A super-Earth for the star GJ 9689. The study: “HADES RV programme with HARPS-N at TNG. XIV. A candidate super-Earth orbiting the M-dwarf GJ 9689 with a period close to half the stellar rotation period” of J. Maldonado (INAF-OAPA) recently appeared on A&A
M stars are the most common stars in the Universe. They have a mass ranging between 0.6 and 0.08 Solar masses in the main sequence, and an effective temperature ranging between 3900 K and 2400 K. In these stars, the signals due to the presence of planets, such as radial velocity (periodic oscillations of the star from its rest position during the orbit of the planets due to the mutual gravitational attraction), are more evident compared with more massive stars. For this reason, M stars are the ideal target to search for exoplanets.
To date, about 130 exoplanets have been discovered around M stars with the radial velocity technique. Thanks to several existing projects devoted in searching planets around M stars, we know that in these stars terrestrial planets are very common. For instance, the “Harps-N Dwarf Survey” revealed an incidence of about 36% of terrestrial planets with orbital period shorter than 10 days around M stars, and 52% with periods longer than 10 days. Analogously, the observations made with the NASA satellite Kepler revealed an incidence of 52% of terrestrial planets with orbital period shorter than 50 days in a sample of stars including M stars and slightly more massive stars (K stars). In 2014, a study was published (link) where the authors estimated with statistic arguments that on average there is one planet for each M star in our Galaxy.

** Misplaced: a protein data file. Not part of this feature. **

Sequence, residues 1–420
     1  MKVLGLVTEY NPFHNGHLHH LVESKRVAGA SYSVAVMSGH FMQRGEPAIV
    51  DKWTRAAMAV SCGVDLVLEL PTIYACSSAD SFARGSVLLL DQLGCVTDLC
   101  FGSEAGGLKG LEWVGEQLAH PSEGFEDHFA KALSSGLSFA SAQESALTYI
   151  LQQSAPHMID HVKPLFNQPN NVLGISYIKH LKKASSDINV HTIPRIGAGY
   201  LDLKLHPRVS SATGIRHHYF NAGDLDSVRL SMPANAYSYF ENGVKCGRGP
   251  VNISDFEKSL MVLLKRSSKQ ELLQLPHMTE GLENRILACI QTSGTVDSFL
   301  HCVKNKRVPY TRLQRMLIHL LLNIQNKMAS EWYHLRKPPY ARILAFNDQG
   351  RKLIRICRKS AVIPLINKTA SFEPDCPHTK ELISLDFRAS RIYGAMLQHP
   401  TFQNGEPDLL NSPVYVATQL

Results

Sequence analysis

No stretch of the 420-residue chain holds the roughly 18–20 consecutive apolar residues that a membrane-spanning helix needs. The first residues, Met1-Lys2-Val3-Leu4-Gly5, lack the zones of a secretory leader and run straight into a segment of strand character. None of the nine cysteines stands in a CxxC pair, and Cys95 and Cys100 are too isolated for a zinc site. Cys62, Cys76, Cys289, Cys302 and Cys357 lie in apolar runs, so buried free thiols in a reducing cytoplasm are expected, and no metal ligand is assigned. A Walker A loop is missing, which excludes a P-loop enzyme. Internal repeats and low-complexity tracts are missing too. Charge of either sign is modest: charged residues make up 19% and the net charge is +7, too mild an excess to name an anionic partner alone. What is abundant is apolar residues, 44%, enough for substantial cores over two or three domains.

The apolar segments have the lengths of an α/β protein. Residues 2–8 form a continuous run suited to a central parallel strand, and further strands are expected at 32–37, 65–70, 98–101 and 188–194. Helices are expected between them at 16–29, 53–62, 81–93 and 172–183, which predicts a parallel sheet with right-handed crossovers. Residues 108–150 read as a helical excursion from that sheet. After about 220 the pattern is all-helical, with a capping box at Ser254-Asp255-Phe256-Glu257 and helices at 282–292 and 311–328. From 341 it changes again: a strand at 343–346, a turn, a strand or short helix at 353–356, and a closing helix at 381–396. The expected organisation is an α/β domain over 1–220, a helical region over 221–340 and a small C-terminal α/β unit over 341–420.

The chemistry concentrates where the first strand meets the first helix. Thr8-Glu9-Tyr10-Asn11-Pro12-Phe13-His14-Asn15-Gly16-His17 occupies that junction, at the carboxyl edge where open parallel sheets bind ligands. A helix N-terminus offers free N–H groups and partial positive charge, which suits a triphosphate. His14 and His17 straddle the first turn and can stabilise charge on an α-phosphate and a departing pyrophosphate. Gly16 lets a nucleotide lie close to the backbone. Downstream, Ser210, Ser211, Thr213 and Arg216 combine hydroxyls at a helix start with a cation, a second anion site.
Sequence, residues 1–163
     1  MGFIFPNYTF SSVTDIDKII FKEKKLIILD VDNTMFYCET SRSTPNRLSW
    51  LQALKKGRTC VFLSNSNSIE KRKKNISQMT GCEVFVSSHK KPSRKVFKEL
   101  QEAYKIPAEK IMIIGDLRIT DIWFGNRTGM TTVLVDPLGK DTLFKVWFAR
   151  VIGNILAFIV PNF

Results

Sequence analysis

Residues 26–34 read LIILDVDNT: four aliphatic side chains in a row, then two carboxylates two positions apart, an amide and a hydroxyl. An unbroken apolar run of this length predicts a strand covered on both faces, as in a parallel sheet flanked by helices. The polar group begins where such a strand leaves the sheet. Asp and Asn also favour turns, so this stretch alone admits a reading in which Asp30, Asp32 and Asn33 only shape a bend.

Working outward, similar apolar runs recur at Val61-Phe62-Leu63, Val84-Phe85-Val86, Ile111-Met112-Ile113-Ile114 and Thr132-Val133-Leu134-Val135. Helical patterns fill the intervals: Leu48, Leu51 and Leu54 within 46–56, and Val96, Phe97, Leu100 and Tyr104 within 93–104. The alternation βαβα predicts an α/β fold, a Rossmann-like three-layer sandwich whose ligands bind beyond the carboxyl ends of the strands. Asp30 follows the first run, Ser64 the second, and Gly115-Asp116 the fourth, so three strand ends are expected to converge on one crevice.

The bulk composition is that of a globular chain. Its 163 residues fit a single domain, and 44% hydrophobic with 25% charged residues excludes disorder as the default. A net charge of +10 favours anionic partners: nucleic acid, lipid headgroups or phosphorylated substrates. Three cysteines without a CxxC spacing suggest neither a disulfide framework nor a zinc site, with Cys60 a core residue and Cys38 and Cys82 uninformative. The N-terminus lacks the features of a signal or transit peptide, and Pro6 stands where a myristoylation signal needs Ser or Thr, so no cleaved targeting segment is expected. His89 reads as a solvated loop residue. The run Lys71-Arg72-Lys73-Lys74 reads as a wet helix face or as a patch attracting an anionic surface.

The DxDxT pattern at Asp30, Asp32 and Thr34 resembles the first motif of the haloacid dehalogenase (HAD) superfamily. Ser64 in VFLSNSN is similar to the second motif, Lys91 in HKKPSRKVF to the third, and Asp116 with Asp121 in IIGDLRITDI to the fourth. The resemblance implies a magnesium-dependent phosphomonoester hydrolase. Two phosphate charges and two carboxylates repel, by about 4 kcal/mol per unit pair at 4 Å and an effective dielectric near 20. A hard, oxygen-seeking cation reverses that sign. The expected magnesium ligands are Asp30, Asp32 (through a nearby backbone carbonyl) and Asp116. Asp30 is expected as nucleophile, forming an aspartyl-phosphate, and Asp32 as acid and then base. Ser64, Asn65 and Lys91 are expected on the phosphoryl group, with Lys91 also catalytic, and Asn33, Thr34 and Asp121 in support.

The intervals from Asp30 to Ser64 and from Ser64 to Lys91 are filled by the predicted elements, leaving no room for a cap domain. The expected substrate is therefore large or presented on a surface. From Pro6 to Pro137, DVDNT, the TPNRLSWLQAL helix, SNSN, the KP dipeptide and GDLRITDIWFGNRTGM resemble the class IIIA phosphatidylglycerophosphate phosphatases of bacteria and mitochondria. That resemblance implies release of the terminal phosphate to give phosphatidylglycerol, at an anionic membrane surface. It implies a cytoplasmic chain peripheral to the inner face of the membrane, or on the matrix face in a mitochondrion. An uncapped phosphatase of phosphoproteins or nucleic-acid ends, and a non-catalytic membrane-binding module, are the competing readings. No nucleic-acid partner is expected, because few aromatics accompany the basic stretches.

In the framework of the project HADES (HARPS-N red Dwarf Exoplanet Survey), based on spectroscopic observations made with the spectrograph HARPS-N mounted on the Telescopio Nazionale Galileo, the team led by the astronomer J. Maldonado (INAF – Astronomical Observatory of Palermo) analyzed 174 spectroscopic observations of the M0.5V star GJ 9689, about 101 light years away from the Sun. The team has identified two radial velocity signals with a period of 18.3 and 39.3 days. Thanks to a detailed analysis of the spectroscopic signals due to the stellar activity (in this class are included all the phenomena due to the interaction between the stellar magnetic field and plasma) and light curves (which is the time variation of the luminosity of the star), the team demonstrated that the 39.3 days signal is due to the stellar rotation. Despite being about half of the longest signal, the 18.3 days signal is not due to stellar activity. It instead indicates the presence of a super-Earth with a minimum mass of 9.7 Earth masses orbiting with a major semi axis of 0.1 AU (astronomical unit, 1 AU is the mean Earth-Sun distance, equal to 150 million km). The study is described in the article: “HADES RV programme with HARPS-N at TNG. XIV. A candidate super-Earth orbiting the M-dwarf GJ 9689 with a period close to half the stellar rotation period“, recently appeared on the journal Astronomy & Astrophysics.
The image (click here to visualize the entire figure) shows a minimum mass vs. period diagram of all planets around M stars discovered with the radial velocity technique. The planets discovered in the framework of the HADES projects are marked in red, GJ 9689 d in black.